Sunday, March 12
Rev. Bob Shaner
“Come, let us sing for joy to the Lord;
let us shout aloud to the rock of our salvation.”
This first verse in Psalm 95 is best understood in its historical context, six centuries before Christ, where its message is addressed to THE WHOLE PEOPLE of God — a message that speaks to our day. The people had strayed from their commitment and devotion to God and were now exiled in Babylon. Struggling and dwindling, they were adrift. The once proud, expanding, mighty fabric (God’s chosen, the twelve tribes of Israel likened to be as numerous as the stars) were becoming a remnant — a shell of their former self. The grand, royal days of King David were past. They had found other allegiances, other gods. As in our time, more “non’s” than believers comprised the larger community. The covenant faith of Abraham and Sarah, diminished in number, was in shambles. What kind of message could reach an improvised people, shake this trend, and awaken them from lethargy? How could the shrinking faithful be nourished and strengthened, not just to endure and survive, but thrive…to be renewed, emboldened, equipped, and empowered in a world indifferent to God’s purposes?
Whether to ancient Israel or us, God continues to speak through the psalmist not in some privatized spiritual sense to a single individual but to THE WHOLE PEOPLE OF GOD. The psalmist is not using some introspective, meditative, withdrawal, or seclusive language but rather is speaking in IMPERATIVE language with verbs of action. The message is not to be avoided or evaded or trivialized, but to be lived vibrantly in and through the faithful for the sake of the world:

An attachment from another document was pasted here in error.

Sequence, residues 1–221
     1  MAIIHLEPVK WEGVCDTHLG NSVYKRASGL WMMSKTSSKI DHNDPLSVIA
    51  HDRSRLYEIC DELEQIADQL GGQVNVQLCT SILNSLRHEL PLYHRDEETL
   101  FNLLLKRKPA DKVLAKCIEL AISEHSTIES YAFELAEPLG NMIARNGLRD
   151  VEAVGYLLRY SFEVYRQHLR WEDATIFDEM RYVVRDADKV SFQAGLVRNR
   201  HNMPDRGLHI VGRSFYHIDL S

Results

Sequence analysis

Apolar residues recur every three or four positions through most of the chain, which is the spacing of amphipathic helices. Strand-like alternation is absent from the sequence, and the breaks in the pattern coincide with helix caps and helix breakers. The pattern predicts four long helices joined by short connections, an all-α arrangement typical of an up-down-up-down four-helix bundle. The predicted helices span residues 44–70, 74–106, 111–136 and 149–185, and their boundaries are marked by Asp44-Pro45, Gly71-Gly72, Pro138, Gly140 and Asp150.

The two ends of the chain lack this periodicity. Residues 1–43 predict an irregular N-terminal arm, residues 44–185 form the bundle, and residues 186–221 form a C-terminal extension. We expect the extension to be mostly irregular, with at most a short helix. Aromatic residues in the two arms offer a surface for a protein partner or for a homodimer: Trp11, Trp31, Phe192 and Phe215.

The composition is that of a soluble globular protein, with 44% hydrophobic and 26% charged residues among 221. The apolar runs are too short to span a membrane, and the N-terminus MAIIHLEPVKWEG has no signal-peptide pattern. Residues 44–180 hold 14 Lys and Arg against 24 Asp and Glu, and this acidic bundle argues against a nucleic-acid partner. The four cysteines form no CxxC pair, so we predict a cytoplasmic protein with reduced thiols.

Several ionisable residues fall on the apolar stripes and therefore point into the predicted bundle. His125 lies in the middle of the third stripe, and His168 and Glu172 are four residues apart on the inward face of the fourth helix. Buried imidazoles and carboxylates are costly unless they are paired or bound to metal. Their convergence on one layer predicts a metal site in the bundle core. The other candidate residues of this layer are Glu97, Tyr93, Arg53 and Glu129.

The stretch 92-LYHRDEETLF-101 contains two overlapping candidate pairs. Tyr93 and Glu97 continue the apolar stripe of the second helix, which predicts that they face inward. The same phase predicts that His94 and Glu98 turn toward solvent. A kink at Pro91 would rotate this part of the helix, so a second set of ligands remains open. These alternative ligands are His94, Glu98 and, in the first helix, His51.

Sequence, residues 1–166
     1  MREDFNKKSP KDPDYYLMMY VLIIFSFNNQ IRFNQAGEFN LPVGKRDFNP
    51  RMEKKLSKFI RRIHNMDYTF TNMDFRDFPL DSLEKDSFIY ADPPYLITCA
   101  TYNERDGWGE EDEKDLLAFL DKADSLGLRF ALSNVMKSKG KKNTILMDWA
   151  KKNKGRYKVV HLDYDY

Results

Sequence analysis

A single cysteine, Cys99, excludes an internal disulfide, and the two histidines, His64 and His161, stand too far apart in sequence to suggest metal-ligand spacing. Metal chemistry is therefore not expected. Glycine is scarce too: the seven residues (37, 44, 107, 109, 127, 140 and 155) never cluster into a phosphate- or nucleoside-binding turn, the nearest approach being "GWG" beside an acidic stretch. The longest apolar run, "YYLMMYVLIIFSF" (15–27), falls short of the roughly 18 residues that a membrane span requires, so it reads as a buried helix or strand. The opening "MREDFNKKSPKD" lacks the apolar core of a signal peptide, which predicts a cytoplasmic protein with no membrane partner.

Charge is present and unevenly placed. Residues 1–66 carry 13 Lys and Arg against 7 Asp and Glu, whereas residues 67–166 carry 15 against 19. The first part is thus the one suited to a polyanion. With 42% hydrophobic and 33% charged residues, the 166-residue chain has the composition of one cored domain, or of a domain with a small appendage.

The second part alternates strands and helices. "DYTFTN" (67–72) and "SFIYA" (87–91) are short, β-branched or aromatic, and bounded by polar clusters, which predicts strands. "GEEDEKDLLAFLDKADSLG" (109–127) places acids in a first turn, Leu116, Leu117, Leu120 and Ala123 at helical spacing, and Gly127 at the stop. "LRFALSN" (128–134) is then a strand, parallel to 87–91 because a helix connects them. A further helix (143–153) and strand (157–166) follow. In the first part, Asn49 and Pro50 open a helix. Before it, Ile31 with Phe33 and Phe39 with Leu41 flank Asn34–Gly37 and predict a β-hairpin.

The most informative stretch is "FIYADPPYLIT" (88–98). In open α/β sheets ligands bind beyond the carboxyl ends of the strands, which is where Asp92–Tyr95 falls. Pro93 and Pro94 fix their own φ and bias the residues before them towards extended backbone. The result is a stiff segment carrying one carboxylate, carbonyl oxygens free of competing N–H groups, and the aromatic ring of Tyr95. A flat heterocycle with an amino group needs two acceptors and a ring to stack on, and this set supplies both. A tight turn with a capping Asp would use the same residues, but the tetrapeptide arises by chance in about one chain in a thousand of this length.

SING FOR JOY…
SHOUT ALOUD to the rock of our salvation…
COME, a call for action — communal behavior to be “lived out.” In the sanctuary, yes, but also in the world! SING FOR JOY — let the faith be known! SHOUT ALOUD — boldly speak the good news in terms that the world can see and hear — especially the song of justice and freedom, the music of redemptive love of neighbor, the melody that embraces the migrant, the marginal and the refugee, as well as the joyful chorus proclaiming peace and ecological harmony.
Now in our ”Lenten season” at Grace we are preparing again for “the feast of victory” that only God can bring out of the suffering, scandalous death of Jesus. Even in these days of a contracting church in a culture that worships self and adores pleasure, God speaks through the psalmist in imperative, action language, evoking a behavior the world needs: COME, SING FOR JOY, SHOUT ALOUD to the rock of our salvation.
O Savior of the world whose mighty deeds provide the message of our song, speak to us again through the psalmist that we might COME and SING for joy, making A LOUD NOISE to the rock of our salvation. Embolden us to reach out with good news to the impoverished, to embrace all in need, and to invite others to the living waters of forgiveness where bread can be found for the journey. Amen